This morning, Winston Sherrill, PhD, MBA, MHA (Associate Professor, Public Health Sciences, Clemson University), presented some data from an original survey in 1999 and a follow-up survey conducted in 2009 where they compared MD/MBA students against MD students. The follow-up group was small (n=22-23), but it was still interesting to hear about the qualitative data that was collected.
The Benefits of the MD/MBA Degree, a Ten-Year Follow-Up Study (an update)
The original study began in 1999 and there were only 6 schools that offered a dual-degree MD/MBA program. The survey evaluated perceptions, career intentions, and career planning decisions. Plus, they studied some psychological measures (such as ambiguity tolerance).
6 schools in 1999 that were offering a joint MD/MBA degree:
- Tufts (was the largest group)
- Wake Forest
- U Illinois
- U Penn
- MD/MBA did not plan to pursue board certification
- MD/MBA had higher income expectations
- MD/MBA had a higher ambiguity tolerance
- Overall, the majority are glad that they pursued an MD/MBA
- Majority (62%) reported that the MD/MBA changed their role in the health care system.
- MD/MBA graduates are more involved in medical management
- 83% in the MD/MBA follow-up groups were board certified
- Most responses indicate that these graduates are spending over 50% of their time in patient care
- Over half are spending more than 10 hours a week in a non-clinical setting
Works with a biotech/drug development company, investing/management, and consulting. Did not pursue residency.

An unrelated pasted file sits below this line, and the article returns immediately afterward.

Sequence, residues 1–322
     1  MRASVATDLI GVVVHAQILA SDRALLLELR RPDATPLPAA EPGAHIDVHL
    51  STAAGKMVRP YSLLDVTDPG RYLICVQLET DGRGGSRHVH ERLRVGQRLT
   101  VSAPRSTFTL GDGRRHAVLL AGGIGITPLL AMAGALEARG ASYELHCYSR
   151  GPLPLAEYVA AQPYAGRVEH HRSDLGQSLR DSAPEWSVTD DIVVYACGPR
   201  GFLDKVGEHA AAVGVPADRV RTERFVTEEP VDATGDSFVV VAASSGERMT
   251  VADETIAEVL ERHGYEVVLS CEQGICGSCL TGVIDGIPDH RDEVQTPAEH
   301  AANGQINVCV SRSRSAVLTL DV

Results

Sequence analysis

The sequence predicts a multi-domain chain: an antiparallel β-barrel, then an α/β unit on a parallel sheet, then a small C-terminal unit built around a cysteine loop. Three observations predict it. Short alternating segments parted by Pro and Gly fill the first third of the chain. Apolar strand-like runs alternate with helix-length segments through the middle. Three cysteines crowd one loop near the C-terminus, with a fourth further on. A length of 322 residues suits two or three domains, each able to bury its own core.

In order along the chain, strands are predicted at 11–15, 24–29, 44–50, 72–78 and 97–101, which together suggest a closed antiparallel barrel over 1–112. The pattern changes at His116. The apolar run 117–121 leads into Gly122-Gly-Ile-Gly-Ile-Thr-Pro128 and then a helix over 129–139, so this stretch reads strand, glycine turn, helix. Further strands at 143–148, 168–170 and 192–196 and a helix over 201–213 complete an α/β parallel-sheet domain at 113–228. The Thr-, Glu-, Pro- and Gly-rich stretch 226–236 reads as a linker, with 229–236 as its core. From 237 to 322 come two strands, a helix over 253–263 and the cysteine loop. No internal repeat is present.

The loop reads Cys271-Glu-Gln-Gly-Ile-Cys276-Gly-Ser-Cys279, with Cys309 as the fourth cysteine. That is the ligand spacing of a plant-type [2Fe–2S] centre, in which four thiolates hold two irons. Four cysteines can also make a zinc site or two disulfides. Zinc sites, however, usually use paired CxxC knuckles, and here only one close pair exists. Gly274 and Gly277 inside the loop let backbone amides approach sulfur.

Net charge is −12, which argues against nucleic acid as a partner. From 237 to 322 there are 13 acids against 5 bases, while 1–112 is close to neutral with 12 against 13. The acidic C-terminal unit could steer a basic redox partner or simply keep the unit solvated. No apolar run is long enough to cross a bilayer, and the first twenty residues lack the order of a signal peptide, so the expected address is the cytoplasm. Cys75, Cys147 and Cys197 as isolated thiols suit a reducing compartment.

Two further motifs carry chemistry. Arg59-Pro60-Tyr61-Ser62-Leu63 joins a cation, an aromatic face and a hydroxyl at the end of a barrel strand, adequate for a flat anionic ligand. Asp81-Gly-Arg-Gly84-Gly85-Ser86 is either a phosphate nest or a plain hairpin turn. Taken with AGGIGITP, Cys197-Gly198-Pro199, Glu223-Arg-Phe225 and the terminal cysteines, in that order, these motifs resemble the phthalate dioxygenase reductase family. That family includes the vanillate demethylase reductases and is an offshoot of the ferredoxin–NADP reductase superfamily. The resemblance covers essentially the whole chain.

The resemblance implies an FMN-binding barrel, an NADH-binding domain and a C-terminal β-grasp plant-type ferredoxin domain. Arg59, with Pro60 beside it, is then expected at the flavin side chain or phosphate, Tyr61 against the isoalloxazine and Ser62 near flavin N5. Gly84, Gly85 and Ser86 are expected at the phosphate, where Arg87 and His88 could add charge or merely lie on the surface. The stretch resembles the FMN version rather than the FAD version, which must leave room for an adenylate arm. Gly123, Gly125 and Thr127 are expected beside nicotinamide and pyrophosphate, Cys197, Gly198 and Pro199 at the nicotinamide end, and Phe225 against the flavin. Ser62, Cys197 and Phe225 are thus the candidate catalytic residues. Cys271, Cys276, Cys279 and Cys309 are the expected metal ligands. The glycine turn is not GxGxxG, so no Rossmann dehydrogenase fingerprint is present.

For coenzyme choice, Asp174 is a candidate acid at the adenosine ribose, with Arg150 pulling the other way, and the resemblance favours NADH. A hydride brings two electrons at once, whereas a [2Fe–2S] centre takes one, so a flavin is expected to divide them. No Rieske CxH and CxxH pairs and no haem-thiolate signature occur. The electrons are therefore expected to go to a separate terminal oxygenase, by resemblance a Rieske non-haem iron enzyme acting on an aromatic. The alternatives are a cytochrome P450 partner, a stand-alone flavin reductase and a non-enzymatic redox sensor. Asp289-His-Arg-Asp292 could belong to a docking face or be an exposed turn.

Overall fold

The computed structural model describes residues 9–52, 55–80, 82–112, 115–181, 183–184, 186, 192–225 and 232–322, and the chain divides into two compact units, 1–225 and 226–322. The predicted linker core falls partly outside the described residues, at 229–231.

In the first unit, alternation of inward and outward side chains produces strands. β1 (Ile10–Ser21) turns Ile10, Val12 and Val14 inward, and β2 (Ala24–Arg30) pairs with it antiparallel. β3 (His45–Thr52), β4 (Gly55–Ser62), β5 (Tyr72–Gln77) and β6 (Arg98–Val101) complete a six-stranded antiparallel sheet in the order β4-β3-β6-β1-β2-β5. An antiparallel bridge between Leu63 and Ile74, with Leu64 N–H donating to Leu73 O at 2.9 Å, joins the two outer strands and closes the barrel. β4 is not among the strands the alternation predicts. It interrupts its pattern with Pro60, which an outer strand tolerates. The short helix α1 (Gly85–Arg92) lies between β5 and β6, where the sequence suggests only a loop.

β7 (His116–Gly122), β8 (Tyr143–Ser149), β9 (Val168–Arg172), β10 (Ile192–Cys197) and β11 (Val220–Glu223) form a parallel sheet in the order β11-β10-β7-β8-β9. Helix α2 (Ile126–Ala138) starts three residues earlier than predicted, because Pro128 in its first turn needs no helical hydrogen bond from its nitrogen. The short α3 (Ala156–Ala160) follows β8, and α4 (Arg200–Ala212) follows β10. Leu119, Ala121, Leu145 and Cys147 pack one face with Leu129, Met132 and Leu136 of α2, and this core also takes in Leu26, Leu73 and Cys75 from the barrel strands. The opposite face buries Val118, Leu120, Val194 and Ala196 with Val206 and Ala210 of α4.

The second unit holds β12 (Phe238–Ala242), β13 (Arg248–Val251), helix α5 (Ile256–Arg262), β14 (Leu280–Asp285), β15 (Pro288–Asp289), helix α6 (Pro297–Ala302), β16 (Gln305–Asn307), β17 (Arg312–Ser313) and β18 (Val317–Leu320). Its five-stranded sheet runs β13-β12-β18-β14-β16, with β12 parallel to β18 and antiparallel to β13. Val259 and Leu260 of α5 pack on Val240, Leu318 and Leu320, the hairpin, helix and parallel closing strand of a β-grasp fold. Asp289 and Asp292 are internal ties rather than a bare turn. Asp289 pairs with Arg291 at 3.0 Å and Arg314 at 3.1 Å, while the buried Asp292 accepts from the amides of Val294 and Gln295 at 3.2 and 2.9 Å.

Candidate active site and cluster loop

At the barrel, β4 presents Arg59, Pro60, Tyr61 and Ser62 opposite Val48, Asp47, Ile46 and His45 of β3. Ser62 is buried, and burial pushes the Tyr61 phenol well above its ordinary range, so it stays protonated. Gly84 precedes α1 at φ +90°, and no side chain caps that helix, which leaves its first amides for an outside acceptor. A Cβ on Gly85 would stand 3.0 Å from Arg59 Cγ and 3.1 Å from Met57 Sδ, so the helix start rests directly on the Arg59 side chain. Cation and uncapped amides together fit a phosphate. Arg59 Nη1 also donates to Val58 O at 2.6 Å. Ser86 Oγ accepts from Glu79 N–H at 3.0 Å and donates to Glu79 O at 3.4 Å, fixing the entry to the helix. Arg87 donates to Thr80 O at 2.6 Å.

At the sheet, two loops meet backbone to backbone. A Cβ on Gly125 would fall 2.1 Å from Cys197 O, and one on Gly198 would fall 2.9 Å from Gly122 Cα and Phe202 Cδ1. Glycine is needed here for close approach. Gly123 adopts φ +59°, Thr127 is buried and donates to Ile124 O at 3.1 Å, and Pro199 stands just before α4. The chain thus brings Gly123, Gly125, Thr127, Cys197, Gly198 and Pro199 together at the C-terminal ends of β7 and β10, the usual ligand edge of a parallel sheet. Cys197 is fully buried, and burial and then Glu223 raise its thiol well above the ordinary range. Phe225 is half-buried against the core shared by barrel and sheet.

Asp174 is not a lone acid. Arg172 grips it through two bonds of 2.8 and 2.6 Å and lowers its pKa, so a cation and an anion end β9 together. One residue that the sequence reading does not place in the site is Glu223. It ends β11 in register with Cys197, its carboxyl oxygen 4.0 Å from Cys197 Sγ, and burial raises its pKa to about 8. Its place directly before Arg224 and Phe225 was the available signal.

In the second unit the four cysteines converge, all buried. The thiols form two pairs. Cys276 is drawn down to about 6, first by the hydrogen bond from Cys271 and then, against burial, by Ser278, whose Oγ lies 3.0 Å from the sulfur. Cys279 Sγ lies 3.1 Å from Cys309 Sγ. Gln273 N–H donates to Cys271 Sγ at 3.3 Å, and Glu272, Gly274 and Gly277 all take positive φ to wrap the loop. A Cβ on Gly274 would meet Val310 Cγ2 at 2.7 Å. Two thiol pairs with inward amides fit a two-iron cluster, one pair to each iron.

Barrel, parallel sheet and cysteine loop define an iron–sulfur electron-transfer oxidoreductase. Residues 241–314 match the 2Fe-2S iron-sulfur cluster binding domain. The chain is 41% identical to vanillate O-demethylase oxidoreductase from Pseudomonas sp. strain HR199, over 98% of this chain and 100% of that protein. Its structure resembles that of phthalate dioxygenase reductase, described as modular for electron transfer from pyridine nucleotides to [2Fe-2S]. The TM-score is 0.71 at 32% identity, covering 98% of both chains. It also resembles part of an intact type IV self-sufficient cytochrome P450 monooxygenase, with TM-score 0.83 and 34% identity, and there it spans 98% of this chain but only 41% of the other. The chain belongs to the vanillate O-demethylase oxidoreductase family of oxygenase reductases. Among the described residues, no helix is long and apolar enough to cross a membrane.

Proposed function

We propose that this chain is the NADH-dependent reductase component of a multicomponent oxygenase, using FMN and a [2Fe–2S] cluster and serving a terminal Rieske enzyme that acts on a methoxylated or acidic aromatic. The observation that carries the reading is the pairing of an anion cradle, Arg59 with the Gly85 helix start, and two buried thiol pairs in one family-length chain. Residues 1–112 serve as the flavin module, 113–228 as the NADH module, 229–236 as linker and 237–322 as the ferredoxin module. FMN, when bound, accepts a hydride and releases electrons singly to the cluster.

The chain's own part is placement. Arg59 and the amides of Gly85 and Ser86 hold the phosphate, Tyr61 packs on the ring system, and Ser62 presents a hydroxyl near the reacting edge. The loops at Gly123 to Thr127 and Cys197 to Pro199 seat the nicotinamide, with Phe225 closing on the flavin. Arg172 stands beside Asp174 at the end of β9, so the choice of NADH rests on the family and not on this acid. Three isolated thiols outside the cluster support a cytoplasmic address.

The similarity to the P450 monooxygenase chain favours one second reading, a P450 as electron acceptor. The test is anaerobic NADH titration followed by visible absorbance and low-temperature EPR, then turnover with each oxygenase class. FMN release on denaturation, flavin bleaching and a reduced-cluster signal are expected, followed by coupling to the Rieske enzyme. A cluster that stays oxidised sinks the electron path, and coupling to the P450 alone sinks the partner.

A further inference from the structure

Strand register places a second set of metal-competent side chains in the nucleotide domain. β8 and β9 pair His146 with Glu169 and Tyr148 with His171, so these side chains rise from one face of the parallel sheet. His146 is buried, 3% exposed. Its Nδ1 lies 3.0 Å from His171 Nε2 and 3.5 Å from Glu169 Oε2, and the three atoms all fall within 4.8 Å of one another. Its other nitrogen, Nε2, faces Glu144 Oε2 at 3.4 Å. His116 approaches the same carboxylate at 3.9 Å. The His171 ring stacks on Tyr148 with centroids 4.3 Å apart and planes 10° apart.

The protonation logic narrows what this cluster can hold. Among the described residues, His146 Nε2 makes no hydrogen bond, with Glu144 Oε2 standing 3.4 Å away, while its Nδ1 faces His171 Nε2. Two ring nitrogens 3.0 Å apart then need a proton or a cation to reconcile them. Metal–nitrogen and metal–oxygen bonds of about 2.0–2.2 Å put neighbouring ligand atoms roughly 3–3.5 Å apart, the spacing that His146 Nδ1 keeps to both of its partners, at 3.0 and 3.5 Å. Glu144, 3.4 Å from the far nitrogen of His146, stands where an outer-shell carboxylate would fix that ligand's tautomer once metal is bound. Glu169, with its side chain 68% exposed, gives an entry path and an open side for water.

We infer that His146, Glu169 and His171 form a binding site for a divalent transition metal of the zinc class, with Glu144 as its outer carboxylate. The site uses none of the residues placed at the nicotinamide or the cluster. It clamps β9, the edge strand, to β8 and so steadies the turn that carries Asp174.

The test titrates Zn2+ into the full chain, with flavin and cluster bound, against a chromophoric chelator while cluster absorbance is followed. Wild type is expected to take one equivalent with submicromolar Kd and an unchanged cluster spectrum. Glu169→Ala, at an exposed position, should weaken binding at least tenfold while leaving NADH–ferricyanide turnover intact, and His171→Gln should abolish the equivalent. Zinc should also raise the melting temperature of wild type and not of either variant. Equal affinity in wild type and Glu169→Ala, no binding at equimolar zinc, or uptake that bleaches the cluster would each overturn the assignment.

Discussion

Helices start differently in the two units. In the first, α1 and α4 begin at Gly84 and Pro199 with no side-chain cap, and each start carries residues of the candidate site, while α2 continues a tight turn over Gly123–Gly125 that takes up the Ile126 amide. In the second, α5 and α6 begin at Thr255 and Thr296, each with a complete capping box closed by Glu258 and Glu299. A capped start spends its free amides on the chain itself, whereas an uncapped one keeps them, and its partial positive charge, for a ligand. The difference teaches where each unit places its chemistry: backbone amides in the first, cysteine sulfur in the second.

A diagnostic radiologist in clinical practice. Has administrative responsibilities as a clinical unit leader and he oversees other radiologists in practice.
Private practice doing orthopedic hand surgery. Feels that the MBA was of little benefit.
Owns a solo weight loss practice. She also spends 20 hrs/week as a part-time physician adviser (review Medicare compliance).
Emergency orthopedic trauma, large group practice leader, negotiates contracts.
Dermatologist, managing partner role within the practice.
Exectuve VP at a global company that sells medical software. No board certification.
Venture capitalist. Initial survey during medical school indicated that this person was interested in primary care.
Usefulness of training
- 4 of 22 report limited usefulness
- 13 of 22 find MBA very useful or essential
- 80% feel they have mastered the administrative role of being a physician
- team work and presentation skills (consistently ranked as the #1 key management skill)
- budgeting/finance and leadership skills
- Information technology
- Operation management
- Quality improvement
- MD/MBA were much more confident compared to MD student
- Traditional MDs have a very low ambiguity tolerance. However, MD/MBA students have a significantly higher ambiguity tolerance.
- Given that health care is full of uncertainty, physicians who have a higher level of ambiguity tolerance may be more effective leaders.
- Mean was $325k
- two reported $100 to 150k
- 4 reported over $600k
- How about non-physicians who pursue MBAs? Do they feel like the MBA added value?
- How about time in clinical vs. administrative based on specialty?
- Is it a disadvantage to apply for residency if one has an MD/MBA? Is there a stigma associated with having a dual degree?
- Trends when you compare different schools that offer MD/MBA joint degrees?
- Every residency has an inefficiency program. Every MD/MBA student can probably find an efficiency project and become a more competitive candidate for residency.